With over 400,000 residents, Pasco County is best known for its close proximity to Tampa and St. Petersburg, as well as its scenic recreational areas and coastal views. But in recent years, Pasco County has developed a reputation for something sinister: drug overdoses. Recent data released by the Centers for Disease Control and Prevention (CDC) revealed that people in Pasco County are 1.7 times more likely to die of a drug overdose than the average Florida resident.
While this may come as a surprise to those outside the area, locals have seen some conditions in the county slowly decline. In recent years, the use of drugs like prescription opioids and heroin have risen, along with stimulants like methamphetamine. To understand what’s going on in Pasco, we first have to examine the local and statewide conditions under which this unfortunate transformation took place.
The Problem in Pasco
According to the CDC data, Pasco County currently has the highest overdose death rate of any county in the state of Florida. To put this in perspective: Residents in Pasco are 76 percent more likely to die of an overdose than the average American. Unsurprisingly, this disturbing statistic is evidence of a broader problem with drug use in the county. Along with overdoses, Pasco County’s drug-related arrests climbed up in recent years. According to the Pasco County Sheriff’s Office, the county made 2,493 drug-related arrests in 2016, and 3,098 in 2017. Tragically, this problem also began to affect Pasco County’s children. Pasco County is ranked first in Florida for babies born with prescription pills in their system.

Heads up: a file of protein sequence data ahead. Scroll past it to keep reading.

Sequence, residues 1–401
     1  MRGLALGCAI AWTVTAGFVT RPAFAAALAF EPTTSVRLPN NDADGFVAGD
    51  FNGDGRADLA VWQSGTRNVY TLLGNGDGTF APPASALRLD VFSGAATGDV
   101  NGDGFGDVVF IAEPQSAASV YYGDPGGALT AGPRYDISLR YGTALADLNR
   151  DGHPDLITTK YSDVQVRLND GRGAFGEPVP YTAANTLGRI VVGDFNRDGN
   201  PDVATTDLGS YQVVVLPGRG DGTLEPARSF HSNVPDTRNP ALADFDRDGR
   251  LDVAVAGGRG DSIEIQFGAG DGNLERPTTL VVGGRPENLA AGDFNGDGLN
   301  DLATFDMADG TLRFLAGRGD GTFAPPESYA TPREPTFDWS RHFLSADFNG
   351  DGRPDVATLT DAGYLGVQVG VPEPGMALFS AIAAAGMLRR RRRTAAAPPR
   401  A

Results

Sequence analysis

Pasco County’s drug problem isn’t related to a single substance. In 2017, someone in Pasco County overdosed on opioids once every three days, according to Pasco Sheriff Chris Nocco. While marijuana use in the area is also on the rise, the county’s biggest concern is meth. In recent years, methamphetamine use has skyrocketed in Pasco County. Pasco County’s Alliance for Substance Abuse Prevention (ASAP) found that from 2015 to 2016, meth-related offenses increased 121 percent in the county. Of those admitted to Pasco’s BayCare Behavioral Health facilities in 2016, 169 reported that meth was their drug of choice. This figure was up 72 percent from 2012, when only 98 patients said that they primarily used meth. In 2017, Pasco County Sheriff’s deputies made two methamphetamine-related arrests per day, on average, which was more arrests than for any other drug, except for marijuana. In total, 725 meth-related arrests occurred that year, which was up significantly from the 439 arrests in 2016.